Defaulters ‘rewarded’ by being spared property tax, Chamber denounces unfairness

Businesses that honour their tax obligations are being discriminated against, Chamber of Commerce says

Prime Minister Robert Abela set no election date as he delivered the final budget speech
Prime Minister Robert Abela set no election date as he delivered the final budget speech

The Chamber of Commerce has called out a new budgetary measure that allows businesses with tax arrears due by January 2021, to not pay any tax due on the transfer of property purchased before March 2021, against their arrears.

The new measure allows them be exempt from tax on property transfers to the extent that they are in arrears.

The Chamber said this was an unfair practice. “Like every other scheme intended to bring taxpayers in order, this scheme benefits only the defaulters, and does not consider those who have their tax payments in order,” the Chamber said.

“This in itself is unfair on those employers and businesses who pay their taxes when and as due.  This legal notice seeks only to proliferate an un-level playing field in favour of those who are in default and who are in the habit of using their due tax monies as their overdraft facility.”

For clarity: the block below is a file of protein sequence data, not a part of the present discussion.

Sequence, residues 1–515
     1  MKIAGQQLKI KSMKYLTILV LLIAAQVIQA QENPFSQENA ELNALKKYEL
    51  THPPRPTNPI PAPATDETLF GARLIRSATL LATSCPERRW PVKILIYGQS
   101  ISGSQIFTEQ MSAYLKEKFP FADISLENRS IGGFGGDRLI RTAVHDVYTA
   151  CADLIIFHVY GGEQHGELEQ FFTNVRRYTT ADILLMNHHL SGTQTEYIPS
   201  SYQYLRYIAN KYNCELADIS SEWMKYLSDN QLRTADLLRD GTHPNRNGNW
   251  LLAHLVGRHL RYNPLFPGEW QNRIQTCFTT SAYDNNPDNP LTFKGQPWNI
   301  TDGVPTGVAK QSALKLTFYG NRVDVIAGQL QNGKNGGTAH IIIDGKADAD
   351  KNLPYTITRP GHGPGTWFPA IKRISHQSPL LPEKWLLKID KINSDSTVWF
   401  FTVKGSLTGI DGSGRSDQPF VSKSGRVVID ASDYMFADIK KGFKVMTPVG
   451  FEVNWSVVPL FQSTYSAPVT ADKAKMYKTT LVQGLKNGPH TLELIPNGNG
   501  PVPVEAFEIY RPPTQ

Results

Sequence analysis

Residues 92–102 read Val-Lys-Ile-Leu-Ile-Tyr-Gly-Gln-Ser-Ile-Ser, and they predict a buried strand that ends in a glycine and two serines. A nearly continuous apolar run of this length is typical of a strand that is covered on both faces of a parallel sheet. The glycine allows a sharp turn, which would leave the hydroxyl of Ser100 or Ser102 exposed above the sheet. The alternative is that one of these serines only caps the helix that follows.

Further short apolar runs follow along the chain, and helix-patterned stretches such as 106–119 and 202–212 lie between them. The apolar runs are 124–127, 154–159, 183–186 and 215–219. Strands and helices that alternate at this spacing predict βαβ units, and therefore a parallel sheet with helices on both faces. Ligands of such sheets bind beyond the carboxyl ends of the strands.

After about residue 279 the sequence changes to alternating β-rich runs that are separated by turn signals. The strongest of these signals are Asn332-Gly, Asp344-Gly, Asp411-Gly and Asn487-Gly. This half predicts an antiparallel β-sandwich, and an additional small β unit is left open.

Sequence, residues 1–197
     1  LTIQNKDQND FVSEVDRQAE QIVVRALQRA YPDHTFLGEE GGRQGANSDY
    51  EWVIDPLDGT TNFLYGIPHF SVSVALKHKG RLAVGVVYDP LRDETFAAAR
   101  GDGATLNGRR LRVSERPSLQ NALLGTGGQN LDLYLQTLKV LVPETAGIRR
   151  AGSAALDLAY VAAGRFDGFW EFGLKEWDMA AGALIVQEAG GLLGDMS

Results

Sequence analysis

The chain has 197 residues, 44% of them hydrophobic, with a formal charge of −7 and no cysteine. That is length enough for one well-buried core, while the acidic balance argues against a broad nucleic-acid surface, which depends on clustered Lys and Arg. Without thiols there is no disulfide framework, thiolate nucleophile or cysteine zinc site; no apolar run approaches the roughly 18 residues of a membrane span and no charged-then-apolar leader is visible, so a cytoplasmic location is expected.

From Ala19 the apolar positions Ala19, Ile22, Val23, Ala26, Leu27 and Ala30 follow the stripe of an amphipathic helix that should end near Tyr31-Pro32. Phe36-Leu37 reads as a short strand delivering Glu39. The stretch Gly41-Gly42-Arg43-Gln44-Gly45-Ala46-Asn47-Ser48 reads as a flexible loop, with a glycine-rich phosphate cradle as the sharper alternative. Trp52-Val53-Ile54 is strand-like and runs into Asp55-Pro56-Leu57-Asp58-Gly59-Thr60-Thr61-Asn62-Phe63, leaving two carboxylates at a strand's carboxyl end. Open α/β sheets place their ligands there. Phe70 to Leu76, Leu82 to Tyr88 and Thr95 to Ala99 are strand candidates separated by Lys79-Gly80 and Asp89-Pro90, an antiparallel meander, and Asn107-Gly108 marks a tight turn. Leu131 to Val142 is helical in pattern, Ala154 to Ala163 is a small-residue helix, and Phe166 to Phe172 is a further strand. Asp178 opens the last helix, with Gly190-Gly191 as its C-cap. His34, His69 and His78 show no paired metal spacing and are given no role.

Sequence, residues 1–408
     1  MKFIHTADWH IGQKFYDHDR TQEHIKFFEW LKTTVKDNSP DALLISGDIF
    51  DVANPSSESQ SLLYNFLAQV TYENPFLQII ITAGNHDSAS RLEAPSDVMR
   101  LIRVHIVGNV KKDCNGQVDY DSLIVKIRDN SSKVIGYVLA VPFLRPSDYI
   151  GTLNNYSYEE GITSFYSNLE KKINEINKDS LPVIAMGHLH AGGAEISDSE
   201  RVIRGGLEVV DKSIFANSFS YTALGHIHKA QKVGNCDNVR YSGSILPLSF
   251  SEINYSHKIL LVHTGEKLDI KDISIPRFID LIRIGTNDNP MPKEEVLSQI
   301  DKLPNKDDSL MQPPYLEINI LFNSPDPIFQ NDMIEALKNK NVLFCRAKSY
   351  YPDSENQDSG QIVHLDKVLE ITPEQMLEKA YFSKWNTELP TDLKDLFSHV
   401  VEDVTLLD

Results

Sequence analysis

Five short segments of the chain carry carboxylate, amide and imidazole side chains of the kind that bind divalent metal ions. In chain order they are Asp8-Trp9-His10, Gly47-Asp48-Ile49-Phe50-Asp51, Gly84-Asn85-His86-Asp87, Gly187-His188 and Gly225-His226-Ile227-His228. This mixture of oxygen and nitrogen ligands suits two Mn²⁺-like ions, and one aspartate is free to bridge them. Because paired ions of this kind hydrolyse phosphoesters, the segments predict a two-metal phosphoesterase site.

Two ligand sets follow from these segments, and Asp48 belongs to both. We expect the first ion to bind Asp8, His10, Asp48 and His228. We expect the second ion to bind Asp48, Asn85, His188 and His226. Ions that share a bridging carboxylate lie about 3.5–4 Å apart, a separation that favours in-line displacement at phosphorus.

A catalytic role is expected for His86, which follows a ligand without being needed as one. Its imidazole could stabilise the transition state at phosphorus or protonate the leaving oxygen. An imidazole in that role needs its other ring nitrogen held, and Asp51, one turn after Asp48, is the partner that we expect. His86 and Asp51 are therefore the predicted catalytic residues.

The Chamber says that the legal notice suggests that tax defaulters that do not have the money to settle their dues promptly, can only do so by liquidating their property. “This legal notice indicates that government believes that tax monies have been used to purchase property... If we do not want to see any more of this cavalier behaviour in the future, we should make sure that people are not able to purchase additional property before they settle their tax arrears.”

The Chamber said that only then, should an exemption from tax on property transfers be allowed until 31 December 2022, and be effective in curbing old habits.

“Those who default on tax payments to finance speculative activities may also end up delaying settlement of trade credit indefinitely, to the detriment of businesses that supply them.

“Such practices are extremely damaging and need to be discouraged. It would be good to see schemes designed to help businesses recover their dues from defaulting unrelated parties who are heavily invested in property.”

The Chamber wants a blacklist of businesses that do not honour their tax obligations and to be banned from participating in public procurement. “There is no level-playing field between businesses that honour their obligations and those who do not. Competitive calls must factor this in to encourage more compliance and curb unfair practices.”